Life slows down in winter, but not for long

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female robin

My calendar tells me it’s November, but I have doubts.

On Tuesday and Wednesday (Nov. 3 and 4), the thermometer on my back porch read 80 degrees. I wore shorts and a T-shirt.

As I write this, on Nov. 5, it’s already 70 degrees by midmorning. It feels more like mid-June than November. But as I scan the landscape, evidence of November is everywhere. The vibrant colors that just a few weeks ago brightened the wooded hillsides are gone. The few leaves that remain are brown and dingy yellow.

Each day the sun rises a few minutes later and sets a few minutes earlier. Thanks to a return to Standard Time, the sun sets shortly after 5 p.m. Soon, however, it will feel like November.

Change of weather

By the weekend, weather forecasters are calling for high temperatures in the 50s. Then I’ll put my shorts away until May. Such unseasonably extreme weather is evidence of “climate change.”

The last two winters have been extremely cold. We can expect both hotter and colder summer days and colder and warmer winter days. Near triple digit temperatures accompanied the “direcho” (straight-line winds) that cut a 700-mile swath of destruction from the Midwest to the Southeast in late June 2012.

Torrential rains (recall last month’s historic floods in South Carolina), heavy snows, and bone dry droughts (see the water woes plaguing much of the southwest) will torment us.

Back to normal

In a week or so, normal weather patterns will resume. As days grow chilly, nightly frosts will become the rule. And then it’s just a matter of time until the first snow falls.

In November, the natural world seems on the brink of death. Naked trees, mere skeletons of their summer selves, appear lifeless. Hayfields and thickets turn brown. The sky turns relentlessly gray. Fall’s apparent lifelessness, however, is deceptive.

November marks the start of the season of transition and dormancy, not the beginning of the end. Though plants seem to die, most simply rest for a few months. Otherwise, their soft tissues would freeze, and the plants would indeed be destroyed. But when sunshine and warmth return in April, seeds germinate, buds swell, and again the world becomes a sea of green.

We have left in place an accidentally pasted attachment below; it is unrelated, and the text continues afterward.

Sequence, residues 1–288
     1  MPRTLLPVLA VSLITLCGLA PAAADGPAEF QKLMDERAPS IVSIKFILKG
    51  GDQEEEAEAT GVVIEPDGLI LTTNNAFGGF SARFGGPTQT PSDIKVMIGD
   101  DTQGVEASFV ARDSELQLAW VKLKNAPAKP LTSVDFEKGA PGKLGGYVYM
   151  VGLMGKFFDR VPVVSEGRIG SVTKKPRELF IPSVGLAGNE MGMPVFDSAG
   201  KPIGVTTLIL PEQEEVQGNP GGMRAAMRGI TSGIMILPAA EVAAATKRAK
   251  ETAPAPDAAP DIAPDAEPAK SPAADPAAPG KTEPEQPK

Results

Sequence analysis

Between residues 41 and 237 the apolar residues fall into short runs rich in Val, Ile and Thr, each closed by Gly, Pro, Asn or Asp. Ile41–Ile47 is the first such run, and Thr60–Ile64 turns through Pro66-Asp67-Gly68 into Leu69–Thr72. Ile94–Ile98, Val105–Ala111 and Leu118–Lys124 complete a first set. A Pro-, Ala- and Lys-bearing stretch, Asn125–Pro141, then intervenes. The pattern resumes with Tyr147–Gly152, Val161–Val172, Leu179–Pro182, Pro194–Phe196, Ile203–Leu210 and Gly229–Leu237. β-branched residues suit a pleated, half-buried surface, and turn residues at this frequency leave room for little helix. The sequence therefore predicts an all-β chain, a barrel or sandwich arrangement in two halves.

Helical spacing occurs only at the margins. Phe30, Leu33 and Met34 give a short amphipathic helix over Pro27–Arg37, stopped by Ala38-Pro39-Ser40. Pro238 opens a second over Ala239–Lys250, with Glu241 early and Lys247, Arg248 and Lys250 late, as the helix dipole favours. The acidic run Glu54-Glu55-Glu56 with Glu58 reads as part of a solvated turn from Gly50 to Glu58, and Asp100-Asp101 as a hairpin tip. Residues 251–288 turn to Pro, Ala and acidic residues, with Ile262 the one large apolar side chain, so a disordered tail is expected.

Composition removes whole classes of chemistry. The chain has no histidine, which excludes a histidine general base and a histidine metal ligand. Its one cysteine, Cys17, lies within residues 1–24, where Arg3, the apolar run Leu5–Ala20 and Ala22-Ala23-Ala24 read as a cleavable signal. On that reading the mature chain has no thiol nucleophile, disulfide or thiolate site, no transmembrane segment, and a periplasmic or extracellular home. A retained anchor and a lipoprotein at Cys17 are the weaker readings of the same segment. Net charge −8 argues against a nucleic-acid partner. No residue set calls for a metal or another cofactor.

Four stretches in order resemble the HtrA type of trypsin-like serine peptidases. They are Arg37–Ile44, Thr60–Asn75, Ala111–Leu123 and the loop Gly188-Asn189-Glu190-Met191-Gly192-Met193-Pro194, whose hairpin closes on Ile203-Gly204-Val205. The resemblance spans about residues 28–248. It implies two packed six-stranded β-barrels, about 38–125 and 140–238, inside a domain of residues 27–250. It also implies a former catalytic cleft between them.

Most adult insects die as the world turns cold, but their populations persist as eggs, larva or cocoons. Preying mantises pass the year’s harshest months in their distinctive foam-like egg cases. Isabella tiger moths overwinter as familiar banded wooly bears. Large silk moths while winter away in protective cocoons.

Most migratory birds have already worked their way south to more hospitable climes, while hardier winter residents rediscover backyard bird feeders. Seeds and suet provide the calories they need to make it from one cold day to the next. White-tailed deer battle for breeding rights.

The biggest and strongest bucks dominate the rut, damage valuable backyard shrubs, and frustrate even veteran hunters. Beneath the not-yet-frozen surfaces of ponds and lakes, turtles and frogs lie dormant under several inches of muck. They “breathe” through their skin. Fish slow down, eat less, and frustrate die-hard anglers. Raccoons, skunks, and opossums will sleep through winter’s worst days, but venture forth for food when weather permits.

Overwintering

Bears, ground hogs, and chipmunks disappear into their dens for long winter naps. Their metabolic rates slow to a glacial pace. Predators such as great horned owls, red-tailed hawks, weasels, coyotes, foxes and bobcats depend on prey that do not hibernate or migrate.

Seemingly limitless populations of mice, voles, squirrels and cottontails sustain nature’s hunters. Oaks, beeches, walnuts, and hickories drop their nuts, and squirrels race to gather them. They eat enough to satisfy their daily hunger, but hide far more beneath the leaf litter for later use. November may seem a dull and lifeless prelude to a long, uneventful winter, but the struggle for life continues every day.

The keys to winter survival may be subtle and largely unseen, but plants and animals do much more than mark time until spring. They adapt. They survive.

Come spring, they reproduce. November links old and new — the critical transition in nature’s never-ending cycle of life.

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Scott Shalaway, who holds a Ph.D. in wildlife ecology from Michigan State University, writes from his home in rural West Virginia. A former faculty member at Oklahoma State University and the University of Oklahoma Biological Station, he has been writing a weekly nature column for newspapers and freelancing for magazines since 1986. He can be heard on Birds & Nature from 3-4 p.m. Sunday afternoons on 620 KHB Radio, Pittsburgh, or live online anywhere at www.khbradio.com, or on the Tune-In radio app. Visit his website at www.drshalaway.com or contact him directly at sshalaway@aol.com or 2222 Fish Ridge Road, Cameron, WV 26033.

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